Participated in 'GTA Ghaziabad: Let's Fork Together' as a speaker, and here are my takeaways
Community Events are the Energy Boosters!
- 4 minutes read - 835 words
Recently, I had the opportunity to contribute to an event called “GTA Ghaziabad - Let’s Fork Together”. The event was hosted by a community of working professionals and undergraduate engineers from nearby colleges in NCR, and took place at my home office, Thoughtworks Gurgaon. Participating in this event provided me with another energy boost, and in this article, I would like to share my experience and give you a glimpse of what the event was all about!
WHY IT MATTERS: The evolution of technology in the future hinges on the extent to which industries, academia, governing bodies, and individuals can work together to define its direction. By fostering a culture of community, we can collectively share and learn, creating a win-win situation for all contributors. This principle aligns with the purpose of Thoughtworks, and it resonates with me and many.
Shivam Gulati, a Thoughtworker and co-organizer of the event, contacted me to speak and even secured an office space for the event.
More than 60 people joined this in person event, to spend quality time with each other.
🗣️ Speaker Sessions
I delivered a session on “Technology Defined Interactions,” exploring how technological advancements are leading to new methods of interacting with machines. The current state of human-technology interaction is not far off from what was envisioned in science fiction. Today, we have access to advanced touch and gesture-based interactions, wearable technology, and sensors. During the session, I emphasized the importance of staying ahead of the curve to remain competitive in the future. Read here.
During my session, I also delved into the topic of sustainability and responsible tech, which is close to my heart. I highlighted the Green Software Foundation (GSF), an organization supported by industry giants like Thoughtworks, Accenture, and Intel, which is creating a trusted ecosystem for green software. To make improvements in this area, we need to start by measuring our impact at every level of the product we build. For example, if we want to reduce carbon emissions, we first need to measure them. With the increasing resource consumption associated with the new GenAI era, it is critical to consider the costs to the environment and society. We are consuming half a liter of water just by asking a few ChatGPT questions.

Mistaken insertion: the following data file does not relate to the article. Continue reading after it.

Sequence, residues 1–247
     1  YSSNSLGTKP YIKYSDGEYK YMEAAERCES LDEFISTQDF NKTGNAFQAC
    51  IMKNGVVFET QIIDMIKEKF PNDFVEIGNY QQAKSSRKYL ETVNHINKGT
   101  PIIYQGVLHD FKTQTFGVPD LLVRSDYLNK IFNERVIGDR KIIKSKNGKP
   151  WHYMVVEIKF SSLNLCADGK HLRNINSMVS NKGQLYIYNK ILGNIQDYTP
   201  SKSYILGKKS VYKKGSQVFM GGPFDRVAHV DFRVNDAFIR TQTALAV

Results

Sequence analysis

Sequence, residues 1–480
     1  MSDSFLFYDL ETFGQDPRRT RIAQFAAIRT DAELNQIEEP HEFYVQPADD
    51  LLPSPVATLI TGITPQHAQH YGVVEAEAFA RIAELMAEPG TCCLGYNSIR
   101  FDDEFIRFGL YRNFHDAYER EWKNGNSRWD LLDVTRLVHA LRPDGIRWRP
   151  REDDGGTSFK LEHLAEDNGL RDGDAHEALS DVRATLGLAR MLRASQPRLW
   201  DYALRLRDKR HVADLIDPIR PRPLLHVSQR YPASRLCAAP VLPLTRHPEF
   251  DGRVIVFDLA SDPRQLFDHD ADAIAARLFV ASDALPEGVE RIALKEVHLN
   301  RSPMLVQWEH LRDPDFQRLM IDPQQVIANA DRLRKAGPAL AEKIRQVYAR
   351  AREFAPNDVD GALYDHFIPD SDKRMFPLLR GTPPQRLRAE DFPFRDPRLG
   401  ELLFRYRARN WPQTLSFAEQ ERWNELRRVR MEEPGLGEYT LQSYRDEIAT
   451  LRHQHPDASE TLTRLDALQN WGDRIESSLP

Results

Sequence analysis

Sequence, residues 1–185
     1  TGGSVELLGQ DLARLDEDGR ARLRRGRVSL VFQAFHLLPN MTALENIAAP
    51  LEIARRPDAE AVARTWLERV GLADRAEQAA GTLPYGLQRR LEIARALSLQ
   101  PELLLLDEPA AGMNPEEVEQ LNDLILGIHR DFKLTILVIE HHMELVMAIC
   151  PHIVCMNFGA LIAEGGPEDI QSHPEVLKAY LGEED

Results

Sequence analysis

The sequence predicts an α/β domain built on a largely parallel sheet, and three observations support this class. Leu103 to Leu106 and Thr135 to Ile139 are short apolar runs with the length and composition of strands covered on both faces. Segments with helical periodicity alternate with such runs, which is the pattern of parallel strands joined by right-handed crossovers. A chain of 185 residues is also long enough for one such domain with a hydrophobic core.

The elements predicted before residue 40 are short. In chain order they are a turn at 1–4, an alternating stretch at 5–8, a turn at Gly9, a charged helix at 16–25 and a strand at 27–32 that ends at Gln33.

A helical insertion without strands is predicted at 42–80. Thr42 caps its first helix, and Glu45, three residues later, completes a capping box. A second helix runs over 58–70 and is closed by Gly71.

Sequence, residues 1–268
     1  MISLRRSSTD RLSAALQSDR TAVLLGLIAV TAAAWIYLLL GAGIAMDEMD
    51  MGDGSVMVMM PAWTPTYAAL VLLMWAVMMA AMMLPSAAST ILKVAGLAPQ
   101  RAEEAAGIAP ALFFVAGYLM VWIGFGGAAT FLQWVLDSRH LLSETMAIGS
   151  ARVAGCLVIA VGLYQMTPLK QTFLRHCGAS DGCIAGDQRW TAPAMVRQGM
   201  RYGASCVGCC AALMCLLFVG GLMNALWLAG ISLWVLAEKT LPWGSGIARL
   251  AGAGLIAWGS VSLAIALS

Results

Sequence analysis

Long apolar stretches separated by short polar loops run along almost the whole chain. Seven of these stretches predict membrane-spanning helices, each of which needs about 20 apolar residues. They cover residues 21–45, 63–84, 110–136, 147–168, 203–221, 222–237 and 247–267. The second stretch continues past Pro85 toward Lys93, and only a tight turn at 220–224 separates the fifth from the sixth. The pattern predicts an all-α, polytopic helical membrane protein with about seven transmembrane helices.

Moreover, I discussed the potential for technology advancements and the ongoing pandemic to create more societal isolation, making certain sections of society feel alienated from the rest. Thus, it is essential to keep diversity and inclusion in mind. To learn more about these topics, please visit here.
The event featured an impressive lineup of speakers following my session. Harpreet Singh Seera, a senior mobile developer from Frontier Wallet, presented on multi-platform app development using Flutter, while Saransh Chopra discussed the importance of open-source contributions and went into detail on the Google Summer of Code (GSoC) program. Their presentations highlighted the mutual benefit of open-source for both developers and the community. Dibyasom Puhan also gave an informative talk on Machine Learning on edge with GCP and demonstrated some fantastic demos. There were couple of more, and the discussions on DevOps and automation that arose during the event were also insightful.
I asked a few questions to the audience, such as how many of them had used the XR feature on their phone and how many had used ChatGPT. To my surprise, 100% of the audience responded positively to these questions. This was a testament to the tech-savviness of the audience and their openness to new technologies.
We also had a discussion about the impact of AI on job replacement. We agreed that those who are not using AI in their work may eventually be replaced by those who do, and that this new generation, which is more aware of technology, may replace existing knowledge workers if they do not reskill themselves.
😋 Networking and Fun
We had number of side conversation on how thoughtworks value open-source, and talked about bahmni, selenium, books and more. Not just that, many thoughtworkers believe that the async way of working for open-source development is becoming a normal way of working, async-first.
In person events are an opportunity for networking and fun, I am sure that participants liked the vibrant gurgaon office, and they have collected memories visiting our office. I like the delicious lunch served by the event organizers, specially the “arora lemon” 😀